Exploring Novel Mechanisms of Alzheimer’s Disease Pathogenesis
Robert Vassar, Ph.D.
Professor of Cell and Molecular Biology at the Feinberg School of Medicine, Northwestern University

Tuesday, Feb. 13, 1 p.m.
ASU Biodesign Institute
Auditorium, B105, 727 E. Tyler St., Tempe, AZ

Alzheimer’s disease (AD) is the most common form of dementia in the elderly. There are currently more than 5 million AD patients in the United States, but this number is expected to grow dramatically as a result of the aging population. Currently, there are no therapies that treat the underlying biological mechanisms of AD. If such disease-modifying treatments are not found, the ensuing AD epidemic will threaten the social and economic welfare of the nation. Central to the development of Alzheimer’s disease-modifying therapies is a deep and comprehensive understanding of the molecular and cellular mechanisms of AD pathogenesis. Robert Vassar will summarize several themes of his lab’s ongoing research, including BACE1 as a therapeutic target for AD, the calcium hypothesis and dystrophic neurite formation, and explorations of the mechanisms of two recently discovered AD-associated genes, UNC5C and ACE1. AD is a complex multifactorial disease, and we must understand the entire AD pathogenic pathway in exquisite detail in order to identify appropriate points of therapeutic intervention and stage of disease to attack. Moreover, combination therapies that target disease pathogenesis at several points will have the highest likelihood of success.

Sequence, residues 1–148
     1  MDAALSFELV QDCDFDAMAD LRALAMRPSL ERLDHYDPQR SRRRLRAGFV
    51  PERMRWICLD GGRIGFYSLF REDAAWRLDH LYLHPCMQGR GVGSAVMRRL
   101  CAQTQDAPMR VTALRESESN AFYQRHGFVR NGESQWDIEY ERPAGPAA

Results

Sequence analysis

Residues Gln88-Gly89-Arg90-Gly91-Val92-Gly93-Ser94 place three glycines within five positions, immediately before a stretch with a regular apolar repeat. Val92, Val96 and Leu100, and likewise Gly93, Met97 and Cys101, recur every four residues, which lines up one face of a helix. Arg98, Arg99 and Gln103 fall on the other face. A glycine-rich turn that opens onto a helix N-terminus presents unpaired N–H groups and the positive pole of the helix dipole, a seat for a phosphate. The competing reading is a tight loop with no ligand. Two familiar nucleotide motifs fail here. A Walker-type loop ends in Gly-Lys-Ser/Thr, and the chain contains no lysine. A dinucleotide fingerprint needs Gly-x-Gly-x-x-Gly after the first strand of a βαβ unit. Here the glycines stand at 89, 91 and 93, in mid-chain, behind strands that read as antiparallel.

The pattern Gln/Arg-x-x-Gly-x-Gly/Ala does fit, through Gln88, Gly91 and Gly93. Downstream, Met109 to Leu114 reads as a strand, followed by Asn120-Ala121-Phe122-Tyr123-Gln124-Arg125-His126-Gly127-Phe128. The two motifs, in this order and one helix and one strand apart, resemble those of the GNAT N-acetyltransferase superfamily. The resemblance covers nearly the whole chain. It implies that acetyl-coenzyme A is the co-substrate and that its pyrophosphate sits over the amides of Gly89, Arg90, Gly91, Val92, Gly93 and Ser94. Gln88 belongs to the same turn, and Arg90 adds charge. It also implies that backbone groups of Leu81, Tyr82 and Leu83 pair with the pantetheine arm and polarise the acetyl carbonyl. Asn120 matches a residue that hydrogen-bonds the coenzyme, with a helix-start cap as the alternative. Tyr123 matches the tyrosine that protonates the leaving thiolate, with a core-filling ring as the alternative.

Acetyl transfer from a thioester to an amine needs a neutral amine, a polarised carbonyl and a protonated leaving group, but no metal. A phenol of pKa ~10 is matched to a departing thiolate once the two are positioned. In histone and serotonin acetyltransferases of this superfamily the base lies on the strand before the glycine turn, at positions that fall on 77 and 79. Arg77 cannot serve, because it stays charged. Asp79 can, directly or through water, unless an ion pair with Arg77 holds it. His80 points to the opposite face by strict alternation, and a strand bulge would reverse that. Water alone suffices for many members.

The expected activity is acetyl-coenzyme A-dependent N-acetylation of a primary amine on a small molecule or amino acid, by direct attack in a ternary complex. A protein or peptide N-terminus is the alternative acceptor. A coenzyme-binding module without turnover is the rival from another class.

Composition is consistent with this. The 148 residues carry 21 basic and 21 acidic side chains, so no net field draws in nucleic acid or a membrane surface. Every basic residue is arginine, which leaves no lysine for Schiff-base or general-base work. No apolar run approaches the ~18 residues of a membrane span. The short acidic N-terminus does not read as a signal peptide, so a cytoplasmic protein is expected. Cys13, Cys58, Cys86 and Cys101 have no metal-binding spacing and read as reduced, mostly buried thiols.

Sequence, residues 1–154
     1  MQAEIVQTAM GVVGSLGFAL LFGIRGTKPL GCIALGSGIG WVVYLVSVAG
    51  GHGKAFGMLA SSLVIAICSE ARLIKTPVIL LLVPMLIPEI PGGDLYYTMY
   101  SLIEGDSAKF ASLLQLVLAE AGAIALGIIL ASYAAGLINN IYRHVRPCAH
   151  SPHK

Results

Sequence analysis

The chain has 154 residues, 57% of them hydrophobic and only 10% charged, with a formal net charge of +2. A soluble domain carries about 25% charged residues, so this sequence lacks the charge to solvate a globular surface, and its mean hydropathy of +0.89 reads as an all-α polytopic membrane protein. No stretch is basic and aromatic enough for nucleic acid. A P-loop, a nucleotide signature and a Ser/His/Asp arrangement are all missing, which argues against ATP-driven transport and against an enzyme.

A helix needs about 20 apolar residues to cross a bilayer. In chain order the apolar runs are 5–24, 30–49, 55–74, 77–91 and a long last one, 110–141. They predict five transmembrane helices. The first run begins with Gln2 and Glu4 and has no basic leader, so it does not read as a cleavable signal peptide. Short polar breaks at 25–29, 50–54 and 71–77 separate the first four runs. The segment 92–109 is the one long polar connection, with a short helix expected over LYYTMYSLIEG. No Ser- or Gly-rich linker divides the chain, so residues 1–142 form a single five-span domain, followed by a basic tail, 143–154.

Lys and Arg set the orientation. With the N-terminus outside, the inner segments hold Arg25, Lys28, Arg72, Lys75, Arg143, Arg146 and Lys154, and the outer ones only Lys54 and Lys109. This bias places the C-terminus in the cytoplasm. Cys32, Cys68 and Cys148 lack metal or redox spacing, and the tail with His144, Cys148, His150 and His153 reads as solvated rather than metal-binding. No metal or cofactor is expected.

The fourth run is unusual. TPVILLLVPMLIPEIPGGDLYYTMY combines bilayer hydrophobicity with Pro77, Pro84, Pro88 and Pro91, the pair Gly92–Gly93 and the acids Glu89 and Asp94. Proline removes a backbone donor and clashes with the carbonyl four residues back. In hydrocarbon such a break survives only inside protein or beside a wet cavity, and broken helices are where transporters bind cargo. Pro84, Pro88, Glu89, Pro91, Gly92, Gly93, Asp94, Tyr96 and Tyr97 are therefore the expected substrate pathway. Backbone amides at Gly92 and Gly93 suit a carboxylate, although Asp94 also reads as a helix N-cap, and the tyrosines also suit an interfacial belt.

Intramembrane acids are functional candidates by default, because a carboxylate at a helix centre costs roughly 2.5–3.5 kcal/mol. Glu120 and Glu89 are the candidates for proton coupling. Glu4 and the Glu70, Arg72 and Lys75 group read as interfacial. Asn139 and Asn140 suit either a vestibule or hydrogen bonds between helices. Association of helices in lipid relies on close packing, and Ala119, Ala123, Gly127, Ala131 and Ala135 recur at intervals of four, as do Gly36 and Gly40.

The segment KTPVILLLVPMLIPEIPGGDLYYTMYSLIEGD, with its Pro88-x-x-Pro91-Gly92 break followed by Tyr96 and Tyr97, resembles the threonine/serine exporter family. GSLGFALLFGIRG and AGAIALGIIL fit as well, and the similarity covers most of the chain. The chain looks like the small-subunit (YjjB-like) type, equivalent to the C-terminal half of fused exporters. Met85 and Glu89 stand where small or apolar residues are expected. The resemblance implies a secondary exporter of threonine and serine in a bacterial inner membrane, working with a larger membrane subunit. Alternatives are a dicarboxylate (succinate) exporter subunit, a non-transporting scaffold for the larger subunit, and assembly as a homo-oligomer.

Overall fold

This is part of the Biodesign Discovery Series. This event is free, open to the public and seating is on a first-come, first-served basis.